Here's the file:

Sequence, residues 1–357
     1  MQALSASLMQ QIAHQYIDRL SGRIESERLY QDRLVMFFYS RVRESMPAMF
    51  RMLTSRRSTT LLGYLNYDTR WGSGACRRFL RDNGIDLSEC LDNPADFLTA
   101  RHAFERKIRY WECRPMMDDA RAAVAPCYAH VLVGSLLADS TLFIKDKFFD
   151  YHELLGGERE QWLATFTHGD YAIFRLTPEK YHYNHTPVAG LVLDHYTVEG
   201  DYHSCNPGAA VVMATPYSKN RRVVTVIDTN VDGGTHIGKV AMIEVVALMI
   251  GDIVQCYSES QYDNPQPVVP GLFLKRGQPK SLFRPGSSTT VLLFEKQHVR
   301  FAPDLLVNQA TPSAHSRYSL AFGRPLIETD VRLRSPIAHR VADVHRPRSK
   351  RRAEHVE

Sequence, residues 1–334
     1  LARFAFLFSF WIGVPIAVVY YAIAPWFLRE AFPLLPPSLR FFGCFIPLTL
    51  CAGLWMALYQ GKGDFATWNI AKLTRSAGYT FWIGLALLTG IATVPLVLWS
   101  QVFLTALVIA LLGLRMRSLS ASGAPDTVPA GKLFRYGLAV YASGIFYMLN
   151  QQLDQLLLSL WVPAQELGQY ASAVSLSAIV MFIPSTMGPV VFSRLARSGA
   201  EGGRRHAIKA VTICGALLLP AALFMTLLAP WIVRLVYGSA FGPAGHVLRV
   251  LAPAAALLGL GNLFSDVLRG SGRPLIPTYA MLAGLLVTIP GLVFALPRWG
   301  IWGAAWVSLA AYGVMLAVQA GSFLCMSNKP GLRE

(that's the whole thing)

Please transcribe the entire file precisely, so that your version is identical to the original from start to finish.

Sequence, residues 1–357
     1  MQALSASLMQ QIAHQYIDRL SGRIESERLY QDRLVMFFYS RVRESMPAMF
    51  RMLTSRRSTT LLGYLNYDTR WGSGACRRFL RDNGIDLSEC LDNPADFLTA
   101  RHAFERKIRY WECRPMMDDA RAAVAPCYAH VLVGSLLADS TLFIKDKFFD
   151  YHELLGGERE QWLATFTHGD YAIFRLTPEK YHYNHTPVAG LVLDHYTVEG
   201  DYHSCNPGAA VVMATPYSKN RRVVTVIDTN VDGGTHIGKV AMIEVVALMI
   251  GDIVQCYSES QYDNPQPVVP GLFLKRGQPK SLFRPGSSTT VLLFEKQHVR
   301  FAPDLLVNQA TPSAHSRYSL AFGRPLIETD VRLRSPIAHR VADVHRPRSK
   351  RRAEHVE

Sequence, residues 1–334
     1  LARFAFLFSF WIGVPIAVVY YAIAPWFLRE AFPLLPPSLR FFGCFIPLTL
    51  CAGLWMALYQ GKGDFATWNI AKLTRSAGYT FWIGLALLTG IATVPLVLWS
   101  QVFLTALVIA LLGLRMRSLS ASGAPDTVPA GKLFRYGLAV YASGIFYMLN
   151  QQLDQLLLSL WVPAQELGQY ASAVSLSAIV MFIPSTMGPV VFSRLARSGA
   201  EGGRRHAIKA VTICGALLLP AALFMTLLAP WIVRLVYGSA FGPAGHVLRV
   251  LAPAAALLGL GNLFSDVLRG SGRPLIPTYA MLAGLLVTIP GLVFALPRWG
   301  IWGAAWVSLA AYGVMLAVQA GSFLCMSNKP GLRE